It’s easy to forget about how many Iraqis and Afghans are killed by the U.S. military each day – they’re halfway around the world and we can always change the channel if some nasty images pop up on TV.
Doing so is a bit harder when the chaos occurs in your own backyard, and is caused by the very people sworn to uphold the law and protect you. To add injury to insult, these same people can and do get away with murder.
On April 25, the three New York Police Department detectives whose 50 shots killed Sean Bell and wounded two of his friends were acquitted of all charges by a judge, having waived their right to trial. Although there was ample evidence to convict these detectives, the Queens District Attorney gave a sterling example of the courts’ complicity in police misconduct, subjecting dubious witnesses to cross-examination by the defense while refusing to call the three detectives to the stand for the same treatment.
There have been large, vociferous, and peaceful protests across the city following the verdict, and more are expected throughout a long, hot summer. There is a movement to press Albany to appoint an independent prosecutor for cases of police misconduct, and the Justice Department is deliberating a civil rights suit against the NYPD.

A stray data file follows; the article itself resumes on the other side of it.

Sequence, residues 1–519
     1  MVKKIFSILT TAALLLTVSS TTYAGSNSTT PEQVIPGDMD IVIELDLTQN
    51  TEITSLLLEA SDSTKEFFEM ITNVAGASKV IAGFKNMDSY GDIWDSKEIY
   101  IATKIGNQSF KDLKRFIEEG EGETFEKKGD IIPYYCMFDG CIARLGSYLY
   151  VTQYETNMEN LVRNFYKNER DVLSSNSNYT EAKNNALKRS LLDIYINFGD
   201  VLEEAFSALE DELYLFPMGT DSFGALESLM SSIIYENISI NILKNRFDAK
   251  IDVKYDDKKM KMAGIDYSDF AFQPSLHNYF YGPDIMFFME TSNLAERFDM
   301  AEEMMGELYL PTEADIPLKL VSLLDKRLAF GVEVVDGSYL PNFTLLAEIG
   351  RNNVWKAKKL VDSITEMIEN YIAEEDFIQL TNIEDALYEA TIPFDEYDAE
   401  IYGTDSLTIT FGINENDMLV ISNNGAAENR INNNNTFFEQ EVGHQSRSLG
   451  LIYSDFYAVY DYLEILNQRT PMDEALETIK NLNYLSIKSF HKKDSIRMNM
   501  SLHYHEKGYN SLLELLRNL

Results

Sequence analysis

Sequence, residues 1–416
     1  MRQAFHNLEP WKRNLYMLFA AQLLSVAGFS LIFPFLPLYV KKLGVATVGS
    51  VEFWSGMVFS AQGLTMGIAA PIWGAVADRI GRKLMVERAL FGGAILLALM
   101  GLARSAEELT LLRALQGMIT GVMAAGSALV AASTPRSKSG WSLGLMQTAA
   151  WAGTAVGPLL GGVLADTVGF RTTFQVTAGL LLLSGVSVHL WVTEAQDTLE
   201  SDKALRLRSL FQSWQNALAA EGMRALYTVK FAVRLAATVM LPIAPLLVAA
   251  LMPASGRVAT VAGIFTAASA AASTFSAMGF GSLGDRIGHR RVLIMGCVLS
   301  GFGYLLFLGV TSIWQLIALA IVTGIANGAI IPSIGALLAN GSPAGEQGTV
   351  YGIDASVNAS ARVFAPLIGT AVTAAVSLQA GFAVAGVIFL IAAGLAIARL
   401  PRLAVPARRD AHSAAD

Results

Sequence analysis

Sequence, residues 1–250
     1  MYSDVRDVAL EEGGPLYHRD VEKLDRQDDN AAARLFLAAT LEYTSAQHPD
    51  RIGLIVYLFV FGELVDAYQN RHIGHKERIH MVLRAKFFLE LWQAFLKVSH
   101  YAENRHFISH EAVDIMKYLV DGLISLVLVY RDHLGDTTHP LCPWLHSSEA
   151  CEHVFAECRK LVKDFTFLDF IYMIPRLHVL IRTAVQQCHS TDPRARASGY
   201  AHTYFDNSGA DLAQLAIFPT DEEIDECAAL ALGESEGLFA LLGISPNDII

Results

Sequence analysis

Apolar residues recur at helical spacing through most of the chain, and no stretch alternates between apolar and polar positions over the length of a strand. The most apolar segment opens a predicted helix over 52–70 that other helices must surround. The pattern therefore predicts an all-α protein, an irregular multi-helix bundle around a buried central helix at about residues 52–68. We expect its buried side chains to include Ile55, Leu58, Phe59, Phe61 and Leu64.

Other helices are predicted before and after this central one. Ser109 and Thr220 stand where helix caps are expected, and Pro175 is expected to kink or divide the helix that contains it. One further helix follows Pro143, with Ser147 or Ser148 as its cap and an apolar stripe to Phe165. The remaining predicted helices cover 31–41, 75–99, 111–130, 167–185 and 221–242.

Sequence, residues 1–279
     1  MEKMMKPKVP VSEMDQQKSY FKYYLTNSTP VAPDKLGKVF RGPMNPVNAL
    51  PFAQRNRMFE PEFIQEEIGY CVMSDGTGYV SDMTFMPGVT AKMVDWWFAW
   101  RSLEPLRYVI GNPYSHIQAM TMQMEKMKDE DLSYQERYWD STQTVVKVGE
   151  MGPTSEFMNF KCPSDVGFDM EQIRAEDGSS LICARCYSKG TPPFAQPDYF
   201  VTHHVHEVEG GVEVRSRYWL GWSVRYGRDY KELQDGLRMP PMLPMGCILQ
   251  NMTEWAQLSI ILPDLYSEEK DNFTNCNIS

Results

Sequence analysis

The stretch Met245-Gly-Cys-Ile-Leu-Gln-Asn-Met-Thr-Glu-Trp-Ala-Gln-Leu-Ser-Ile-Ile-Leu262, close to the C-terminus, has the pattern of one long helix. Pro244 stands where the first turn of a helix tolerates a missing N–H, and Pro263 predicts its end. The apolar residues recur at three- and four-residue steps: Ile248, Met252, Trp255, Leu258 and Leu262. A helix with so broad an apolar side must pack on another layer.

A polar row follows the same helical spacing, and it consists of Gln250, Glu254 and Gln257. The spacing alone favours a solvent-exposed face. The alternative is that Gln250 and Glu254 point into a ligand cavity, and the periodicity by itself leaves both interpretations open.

Some have argued it will be hard to prove the police intentionally set out to violate Sean Bell’s rights. Last time I checked, racial profiling was a violation of said rights, and the record number of stop-and-frisks conducted by the NYPD in the first quarter of 2008 back that record up.
Of course, Sean Bell’s murder does not exist in a vacuum. The increased militarization of American law enforcement, begun during the Reagan era as part of our failed War on Drugs (anyone who debates this point, please watch The Wire), has exacerbated this country’s long history of racism and placed minority communities in the firing line.
Take, for example, the beating of three unarmed black men by Philadelphia cop last week. Though not as close up as the Rodney King footage, the events are no less savage. Police say they were suspects fleeing the scene of a drug-related shooting. No gun was found in the car and the men have yet to be charged with any crime, though officers claim a “fourth man” bailed out of the vehicle prior to their arrival (anyone remember the NYPD pulling the same stunt in court this winter?)
We get this sort of profiling and hair-trigger response coast-to-coast as well. Last Sunday, LAPD officers shot two unarmed 19-year-old black men in Inglewood whom they suspected of being involved in a nearby shooting. One, Michael Byoune, died. As it turns out, neither Byoune nor his wounded friend were involved in any such incident, nor was a gun found.
This is the end result when you combine America’s draconian attitude towards drug policy and the plight of its post-industrial working class with the post-9/11 decimation of our civil liberties. When the LAPD’s abuse of Rodney King aired in 1992, there were riots. If anyone tried the same thing today, the Air Force would drop cluster bombs on Queens or South Central. Something has got to give.